OXFORD University hopes to submit plans to create 200 homes for its staff in Wolvercote by the end of the year.
The scheme to 'extend' Wolvercote has been delayed as it emerged that the escalating costs would significantly exceed the initial estimate of £40m. But the university says it hopes that building
work can coincide with the £30m scheme to replace the Wolvercote viaduct on the A34.
With work on the bridge expected to start in 2008, the university says it hopes to share a temporary access road from the A34 to avoid heavy construction traffic passing through the village.
The university wants to build the homes to help address a housing shortage that is making it increasingly difficult to attract and retain staff. Wolvercote would grow by about 20 per cent if the
scheme goes ahead.
Plans to develop the former Wolvercote Paper Mill site were unveiled two years ago. Housing for more than 600 people, would feature a mix of accommodation from one-bedroom flats to four-bedroom
The university initially hoped that construction would begin this year and be completed by 2009.
But Tim del Nevo, the university land agent, said it had emerged that the cost of the scheme threatened to exceed initial forecasts, largely as a result of the water features at the heart of the
The site presently includes a neglected reservoir and is bordered by the Mill Stream, a tributary of the Thames. The university says it wants to create a waterside development to "form an integral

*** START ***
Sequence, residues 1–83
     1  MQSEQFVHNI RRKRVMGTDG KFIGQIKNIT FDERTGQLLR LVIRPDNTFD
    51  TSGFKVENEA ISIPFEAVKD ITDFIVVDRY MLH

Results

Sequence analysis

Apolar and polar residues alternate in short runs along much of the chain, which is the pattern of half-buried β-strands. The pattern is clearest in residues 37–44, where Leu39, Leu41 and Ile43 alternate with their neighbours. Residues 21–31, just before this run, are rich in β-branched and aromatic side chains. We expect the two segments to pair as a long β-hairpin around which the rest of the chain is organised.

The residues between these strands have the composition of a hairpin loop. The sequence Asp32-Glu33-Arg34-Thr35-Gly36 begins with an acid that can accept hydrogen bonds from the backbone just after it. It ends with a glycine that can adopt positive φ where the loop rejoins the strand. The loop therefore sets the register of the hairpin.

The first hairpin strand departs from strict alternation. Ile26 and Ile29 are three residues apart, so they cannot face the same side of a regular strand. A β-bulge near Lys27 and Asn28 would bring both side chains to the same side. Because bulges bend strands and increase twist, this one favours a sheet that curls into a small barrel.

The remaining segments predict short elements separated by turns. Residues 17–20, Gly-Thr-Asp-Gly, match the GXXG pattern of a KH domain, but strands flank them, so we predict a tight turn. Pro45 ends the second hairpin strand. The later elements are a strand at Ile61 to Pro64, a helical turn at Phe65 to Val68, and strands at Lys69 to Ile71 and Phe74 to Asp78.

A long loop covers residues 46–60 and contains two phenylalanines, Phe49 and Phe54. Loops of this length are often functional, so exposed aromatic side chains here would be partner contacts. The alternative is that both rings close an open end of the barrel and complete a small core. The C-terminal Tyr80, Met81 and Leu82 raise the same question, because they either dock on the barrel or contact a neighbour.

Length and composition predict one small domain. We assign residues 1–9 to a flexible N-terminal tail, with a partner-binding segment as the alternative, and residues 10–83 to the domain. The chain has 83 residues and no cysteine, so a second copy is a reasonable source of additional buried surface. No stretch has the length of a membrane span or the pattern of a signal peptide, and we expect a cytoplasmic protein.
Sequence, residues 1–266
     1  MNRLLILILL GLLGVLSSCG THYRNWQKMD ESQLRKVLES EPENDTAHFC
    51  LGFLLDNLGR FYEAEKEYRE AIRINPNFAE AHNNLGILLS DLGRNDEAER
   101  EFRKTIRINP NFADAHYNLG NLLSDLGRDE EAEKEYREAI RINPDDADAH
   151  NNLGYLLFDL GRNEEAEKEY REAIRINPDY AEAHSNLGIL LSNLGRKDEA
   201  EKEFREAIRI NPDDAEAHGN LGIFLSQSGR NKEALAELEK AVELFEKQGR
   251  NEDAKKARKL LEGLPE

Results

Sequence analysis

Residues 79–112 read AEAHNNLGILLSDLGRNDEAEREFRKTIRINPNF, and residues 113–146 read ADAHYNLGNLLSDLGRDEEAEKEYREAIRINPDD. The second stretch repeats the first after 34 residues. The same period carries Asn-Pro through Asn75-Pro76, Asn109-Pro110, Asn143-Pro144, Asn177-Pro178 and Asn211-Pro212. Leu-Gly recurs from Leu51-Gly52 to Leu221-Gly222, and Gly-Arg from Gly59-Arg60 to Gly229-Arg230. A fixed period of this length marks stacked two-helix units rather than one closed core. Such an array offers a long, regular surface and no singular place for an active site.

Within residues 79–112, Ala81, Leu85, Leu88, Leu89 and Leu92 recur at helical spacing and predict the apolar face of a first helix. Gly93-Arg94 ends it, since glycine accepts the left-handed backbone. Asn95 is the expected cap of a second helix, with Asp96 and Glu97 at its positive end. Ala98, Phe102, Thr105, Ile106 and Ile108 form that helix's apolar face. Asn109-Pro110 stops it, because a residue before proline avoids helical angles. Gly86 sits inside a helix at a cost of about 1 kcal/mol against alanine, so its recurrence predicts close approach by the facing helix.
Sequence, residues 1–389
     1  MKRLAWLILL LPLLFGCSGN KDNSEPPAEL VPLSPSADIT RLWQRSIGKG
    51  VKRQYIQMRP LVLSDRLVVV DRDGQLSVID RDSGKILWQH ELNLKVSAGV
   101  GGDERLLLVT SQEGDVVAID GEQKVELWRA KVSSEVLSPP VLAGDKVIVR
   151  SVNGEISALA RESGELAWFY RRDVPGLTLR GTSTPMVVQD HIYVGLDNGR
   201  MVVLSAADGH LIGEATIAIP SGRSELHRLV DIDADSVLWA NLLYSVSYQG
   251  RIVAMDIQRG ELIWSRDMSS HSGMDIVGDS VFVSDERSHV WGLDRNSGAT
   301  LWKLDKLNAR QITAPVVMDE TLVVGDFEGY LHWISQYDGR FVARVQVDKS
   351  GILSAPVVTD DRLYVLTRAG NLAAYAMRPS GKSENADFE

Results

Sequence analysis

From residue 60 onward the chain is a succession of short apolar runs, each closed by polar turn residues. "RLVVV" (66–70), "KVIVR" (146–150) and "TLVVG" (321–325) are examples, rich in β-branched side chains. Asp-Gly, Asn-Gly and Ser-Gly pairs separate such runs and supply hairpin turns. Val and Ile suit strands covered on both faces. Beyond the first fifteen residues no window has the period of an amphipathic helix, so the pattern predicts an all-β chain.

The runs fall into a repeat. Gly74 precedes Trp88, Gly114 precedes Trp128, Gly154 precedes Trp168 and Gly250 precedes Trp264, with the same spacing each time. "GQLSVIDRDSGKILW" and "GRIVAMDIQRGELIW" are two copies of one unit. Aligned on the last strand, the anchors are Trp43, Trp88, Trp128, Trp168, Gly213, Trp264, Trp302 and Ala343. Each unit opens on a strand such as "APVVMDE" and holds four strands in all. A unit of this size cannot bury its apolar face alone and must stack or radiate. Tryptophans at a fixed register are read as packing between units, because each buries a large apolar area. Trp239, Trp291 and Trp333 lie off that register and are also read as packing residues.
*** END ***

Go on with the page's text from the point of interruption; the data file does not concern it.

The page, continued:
part of the fabric of Wolvercote".
Mr Del Nevo said: "If we want buildings to stand close to water, it will be more difficult and expensive than we thought.
"We are now looking to see where we can make savings before coming back with designs. But we are determined to keep to the ethos and high quality of the scheme. We would not want to see the
density of the development increasing."
He hoped that work could begin by next summer. Seven acres of the 17-acre site lie within the Green Belt, with the rest designated brownfield.
An island on the river would be reinstated, with an underground culvert opened to create a canal.
The land has been owned by Oxford University Press since the 1850s, with the university planning to acknowledge the mill's industrial past by relocating the OUP's last remaining printing centre
within the site.